The Muslim Students’ Society of Nigeria (MSSN) has flayed the Nigerian government over its continued silence on the ongoing nationwide strike embarked upon by non-academic staff of universities in Nigeria.
Its Amir (President) in Lagos State, Saheed Ashafa expressed the group’s disappointment in a statement sent to EduCeleb.com on Wednesday.
He complained about the alleged poor attention paid to the striking workers by the Federal Government.
His reaction is coming few days to the organisation’s Sisters Empowerment Programme and Campus Interactive Forum scheduled for February 24th and 25th respectively.
EduCeleb.com recalls that the nonacademic staff unions under the aegis of Joint Action Committee (JAC) comprising the Senior Staff Association of Nigerian Universities (SSANU), the Non- Academic Staff Union of Universities and the Associated Institutions (NASU) and the National Association of Academic Technologists (NAAT) on Dec. 4, 2017, embarked on an indefinite strike.
They are protesting non-implementation of the agreement they entered into with the Federal Government in 2009.
The unions are also protesting the sharing formula of the N23 billion released by the Federal Government as part of the earned allowance for workers of Federal universities.
According to him, the ongoing strike had stayed too long and will further worsen the country’s standard of education.
He wondered why the Federal Government would subject a segment of universities’ workers to hardship, urging that an urgent effort be made to get the issue resolved.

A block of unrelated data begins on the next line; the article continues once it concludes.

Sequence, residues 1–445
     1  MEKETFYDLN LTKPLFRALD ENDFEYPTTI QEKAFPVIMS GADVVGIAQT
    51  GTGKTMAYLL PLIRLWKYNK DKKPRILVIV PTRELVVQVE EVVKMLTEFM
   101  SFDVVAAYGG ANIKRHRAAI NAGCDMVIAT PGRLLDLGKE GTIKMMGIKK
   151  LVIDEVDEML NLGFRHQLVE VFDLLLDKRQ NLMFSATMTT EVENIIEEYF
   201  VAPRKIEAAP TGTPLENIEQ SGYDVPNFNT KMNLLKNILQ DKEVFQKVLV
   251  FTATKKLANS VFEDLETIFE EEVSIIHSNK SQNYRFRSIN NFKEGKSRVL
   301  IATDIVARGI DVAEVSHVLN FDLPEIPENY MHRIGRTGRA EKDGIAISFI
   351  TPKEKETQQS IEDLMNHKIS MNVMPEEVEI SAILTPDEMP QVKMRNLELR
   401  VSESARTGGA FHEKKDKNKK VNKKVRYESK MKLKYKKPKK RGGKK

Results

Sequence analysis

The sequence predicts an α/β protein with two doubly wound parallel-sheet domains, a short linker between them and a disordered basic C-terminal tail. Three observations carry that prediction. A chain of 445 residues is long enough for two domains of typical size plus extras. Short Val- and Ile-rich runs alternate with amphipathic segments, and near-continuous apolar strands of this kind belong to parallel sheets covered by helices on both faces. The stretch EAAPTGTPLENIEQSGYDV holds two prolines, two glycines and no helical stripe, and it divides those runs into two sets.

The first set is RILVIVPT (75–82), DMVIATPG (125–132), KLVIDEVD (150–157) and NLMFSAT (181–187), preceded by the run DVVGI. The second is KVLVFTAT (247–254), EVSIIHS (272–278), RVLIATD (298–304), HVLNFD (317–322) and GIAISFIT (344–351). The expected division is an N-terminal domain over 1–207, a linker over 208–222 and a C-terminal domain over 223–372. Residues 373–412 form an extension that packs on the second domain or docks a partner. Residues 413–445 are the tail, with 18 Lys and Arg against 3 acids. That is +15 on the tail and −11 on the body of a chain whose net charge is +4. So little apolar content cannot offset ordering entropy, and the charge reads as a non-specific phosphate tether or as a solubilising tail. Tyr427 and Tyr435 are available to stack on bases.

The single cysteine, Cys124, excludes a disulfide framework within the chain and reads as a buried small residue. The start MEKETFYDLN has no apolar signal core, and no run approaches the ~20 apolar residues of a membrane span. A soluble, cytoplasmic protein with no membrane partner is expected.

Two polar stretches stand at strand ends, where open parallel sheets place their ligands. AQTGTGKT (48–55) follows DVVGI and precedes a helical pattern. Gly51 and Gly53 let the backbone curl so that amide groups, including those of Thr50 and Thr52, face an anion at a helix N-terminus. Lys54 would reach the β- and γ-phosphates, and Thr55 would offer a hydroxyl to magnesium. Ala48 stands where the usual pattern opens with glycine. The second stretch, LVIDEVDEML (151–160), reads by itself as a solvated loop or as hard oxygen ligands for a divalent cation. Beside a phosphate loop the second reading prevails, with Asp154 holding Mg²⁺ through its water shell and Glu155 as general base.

Dr Ashafa urged that President Muhammadu Buhari should react to the ongoing crisis like other national issues, saying “his not giving priority to the strike action is sending a bad perception about his administration”.
He proceeded thus, “In the first place, the strike is avoidable and needless. It is unpalatable to the hearing that a country like Nigeria still pays low attention to workers’ welfare. The poor attention and undue silence of the Federal Government over the ongoing strike embarked upon by members of NASU, SSANU and NAAT is condemnable and highly demoralizing.
“It is understandable that children of majority of those leading the education agencies and ministries that should engage the striking workers are studying abroad, but that should not mean that the sons and daughters of the Nigerian masses should be made to suffer for developing interest in education.
“As we speak, some of our universities smell and stink, others have their libraries, health centres, power houses and other strategic facilities shut down. Students now live on university campuses like they are in the jungle. This is pathetic and must be urgently addressed.
“We will not get the best from our workers if we continue to treat them like slaves; their commitment to work will be vacuous. Apart from having meetings with the striking workers, the generality of Nigerians deserve to know what the plans of the FG are in resolving this crisis and preventing subsequent ones.”
Ashafa, who appealed to the striking workers to be considerate, regretted that students were the ones at the receiving end of the strike.
“It appears that the workers are fighting for their rights, but they should always remember that the students affected are their children. We plead with them not to allow the agitation for their rights to affect the whole essence of education in the country,” he added.